People are deceived into believing that by giving money into such schemes, they will make more money. However, the scheme simply banks on getting more and more contributions from an increasing number of people at the bottom levels. In reality, no wealth ever gets created, no product gets sold, no service is offered and no investment is made that can generate returns or any tangible output.
Such schemes, though appear lucrative, cannot go on forever. The biggest issue with the operating model of such schemes is that the money moves from bottom to top. The limited number of members at the top levels hope to benefit from the contributions made by the larger number of people at the lower levels. Even if all the people in the country join the scheme, it will eventually saturate the contributions once the lowest level becomes smaller than the upper ones.
Since it is impossible for the cycle to sustain itself, people will lose their money somewhere down the line. Early adopters, like those at level 2 or level 3, may still have chance to recover their invested money, only if they are paid back. Those early birds may still lose their initial payments as the dodgy scheme may put forth conditions that delay their payments - like payment to be made only after X levels are filled, or a waiting period of Y months after hitting a particular payment threshold. Those who are towards the bottom of the pyramid are the most vulnerable lot, as it becomes increasingly difficult to recruit the number of people required to pay off the previous layer of recruiters. The increasing popularity of scheme leads to its destruction as the word gets out and people never get their payments.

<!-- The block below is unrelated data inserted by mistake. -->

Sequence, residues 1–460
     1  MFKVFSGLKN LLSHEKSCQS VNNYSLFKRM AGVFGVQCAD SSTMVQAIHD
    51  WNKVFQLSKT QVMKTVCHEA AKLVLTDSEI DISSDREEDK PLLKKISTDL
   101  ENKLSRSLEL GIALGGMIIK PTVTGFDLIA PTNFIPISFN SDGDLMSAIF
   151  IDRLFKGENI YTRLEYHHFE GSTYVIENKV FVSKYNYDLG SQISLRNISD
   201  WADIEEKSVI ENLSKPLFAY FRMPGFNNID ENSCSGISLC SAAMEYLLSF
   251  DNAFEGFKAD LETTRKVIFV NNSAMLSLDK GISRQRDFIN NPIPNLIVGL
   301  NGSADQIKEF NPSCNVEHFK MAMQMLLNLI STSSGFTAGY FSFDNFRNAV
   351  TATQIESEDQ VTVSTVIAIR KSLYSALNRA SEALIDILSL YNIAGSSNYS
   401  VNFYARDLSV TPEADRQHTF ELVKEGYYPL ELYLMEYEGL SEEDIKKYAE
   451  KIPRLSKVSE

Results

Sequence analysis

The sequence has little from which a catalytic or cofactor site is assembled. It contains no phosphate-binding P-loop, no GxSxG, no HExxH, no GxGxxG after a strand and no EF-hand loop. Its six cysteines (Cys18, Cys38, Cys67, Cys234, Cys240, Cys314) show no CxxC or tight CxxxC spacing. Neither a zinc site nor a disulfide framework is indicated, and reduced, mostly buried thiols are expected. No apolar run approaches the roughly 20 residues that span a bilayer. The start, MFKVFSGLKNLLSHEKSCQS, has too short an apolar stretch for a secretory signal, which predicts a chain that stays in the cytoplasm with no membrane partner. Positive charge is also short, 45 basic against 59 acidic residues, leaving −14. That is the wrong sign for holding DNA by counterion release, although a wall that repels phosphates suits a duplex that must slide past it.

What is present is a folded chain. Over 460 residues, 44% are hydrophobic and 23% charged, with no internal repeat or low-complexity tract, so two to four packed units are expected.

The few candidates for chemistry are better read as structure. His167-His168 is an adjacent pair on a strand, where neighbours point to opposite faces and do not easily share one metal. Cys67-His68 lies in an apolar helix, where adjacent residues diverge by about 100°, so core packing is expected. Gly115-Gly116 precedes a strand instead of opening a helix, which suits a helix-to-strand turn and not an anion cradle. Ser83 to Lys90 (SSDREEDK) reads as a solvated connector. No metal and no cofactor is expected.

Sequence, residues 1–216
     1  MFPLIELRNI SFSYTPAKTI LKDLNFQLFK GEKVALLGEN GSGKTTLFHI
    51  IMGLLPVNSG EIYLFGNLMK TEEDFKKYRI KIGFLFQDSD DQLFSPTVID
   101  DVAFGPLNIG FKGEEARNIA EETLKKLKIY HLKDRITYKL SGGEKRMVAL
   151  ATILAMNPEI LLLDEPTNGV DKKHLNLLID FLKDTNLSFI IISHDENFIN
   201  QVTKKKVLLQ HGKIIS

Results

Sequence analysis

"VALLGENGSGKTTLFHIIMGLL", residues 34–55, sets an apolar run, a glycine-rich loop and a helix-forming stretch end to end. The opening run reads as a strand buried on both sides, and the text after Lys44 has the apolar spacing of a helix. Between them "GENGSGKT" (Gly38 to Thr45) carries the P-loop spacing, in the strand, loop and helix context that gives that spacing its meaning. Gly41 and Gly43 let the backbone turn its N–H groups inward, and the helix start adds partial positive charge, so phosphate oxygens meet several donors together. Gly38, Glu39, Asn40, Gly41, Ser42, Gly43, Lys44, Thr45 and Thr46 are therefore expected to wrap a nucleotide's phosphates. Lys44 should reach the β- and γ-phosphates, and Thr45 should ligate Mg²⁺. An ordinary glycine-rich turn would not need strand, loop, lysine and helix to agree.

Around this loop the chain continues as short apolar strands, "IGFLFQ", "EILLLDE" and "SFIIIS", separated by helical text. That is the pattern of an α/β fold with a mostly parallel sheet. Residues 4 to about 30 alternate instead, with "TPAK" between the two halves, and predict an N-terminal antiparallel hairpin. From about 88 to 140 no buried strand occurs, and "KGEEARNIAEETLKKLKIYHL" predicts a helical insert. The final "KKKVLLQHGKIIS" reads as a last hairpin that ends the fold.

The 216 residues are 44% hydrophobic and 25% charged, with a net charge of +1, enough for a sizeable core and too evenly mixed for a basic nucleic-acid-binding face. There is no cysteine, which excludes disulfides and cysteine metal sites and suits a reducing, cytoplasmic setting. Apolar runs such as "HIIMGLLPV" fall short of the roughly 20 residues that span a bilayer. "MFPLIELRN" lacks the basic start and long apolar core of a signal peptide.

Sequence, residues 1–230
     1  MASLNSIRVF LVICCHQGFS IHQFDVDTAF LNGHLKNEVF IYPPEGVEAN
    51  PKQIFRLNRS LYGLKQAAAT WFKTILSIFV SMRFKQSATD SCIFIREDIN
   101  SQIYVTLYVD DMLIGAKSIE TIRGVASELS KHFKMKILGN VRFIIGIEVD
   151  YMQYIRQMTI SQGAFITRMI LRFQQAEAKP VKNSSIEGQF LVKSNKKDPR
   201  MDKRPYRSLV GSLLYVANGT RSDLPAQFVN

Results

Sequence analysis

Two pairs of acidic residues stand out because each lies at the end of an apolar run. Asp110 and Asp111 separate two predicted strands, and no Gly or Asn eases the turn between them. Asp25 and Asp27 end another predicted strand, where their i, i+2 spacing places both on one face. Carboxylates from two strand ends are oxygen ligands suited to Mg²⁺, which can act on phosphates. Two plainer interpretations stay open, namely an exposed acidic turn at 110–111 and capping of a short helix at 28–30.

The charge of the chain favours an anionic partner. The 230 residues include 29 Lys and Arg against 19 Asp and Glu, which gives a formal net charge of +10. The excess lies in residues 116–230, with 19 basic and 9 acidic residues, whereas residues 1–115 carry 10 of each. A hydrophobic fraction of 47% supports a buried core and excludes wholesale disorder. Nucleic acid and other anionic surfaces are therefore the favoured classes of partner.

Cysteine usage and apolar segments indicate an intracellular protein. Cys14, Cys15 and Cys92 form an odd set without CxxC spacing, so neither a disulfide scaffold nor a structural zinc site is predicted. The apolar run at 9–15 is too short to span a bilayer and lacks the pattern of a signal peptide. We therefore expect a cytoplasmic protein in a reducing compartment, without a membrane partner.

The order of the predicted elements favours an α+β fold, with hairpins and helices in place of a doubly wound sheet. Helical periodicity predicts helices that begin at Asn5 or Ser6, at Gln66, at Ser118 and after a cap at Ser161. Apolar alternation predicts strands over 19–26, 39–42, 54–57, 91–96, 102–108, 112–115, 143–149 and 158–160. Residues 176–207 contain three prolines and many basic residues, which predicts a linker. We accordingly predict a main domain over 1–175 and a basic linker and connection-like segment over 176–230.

The Bottom Line
Pyramid schemes have existed for long in different forms, and are often considered illegal across the different jurisdictions of the world. While one can identify a pyramid scheme based on how they promise to work, participating in them involves deception and fraud because not everyone will receive the money promised in return. They bank on using the network effect, where trapped individuals end up recruiting their own acquaintances as there is the trust element among the engaging parties. One should exercise caution before getting into such schemes and closely look at the working model, intended use of invested money, and how returns are expected to be generated. (See also, Investment Scams: Different Types Of Scams.)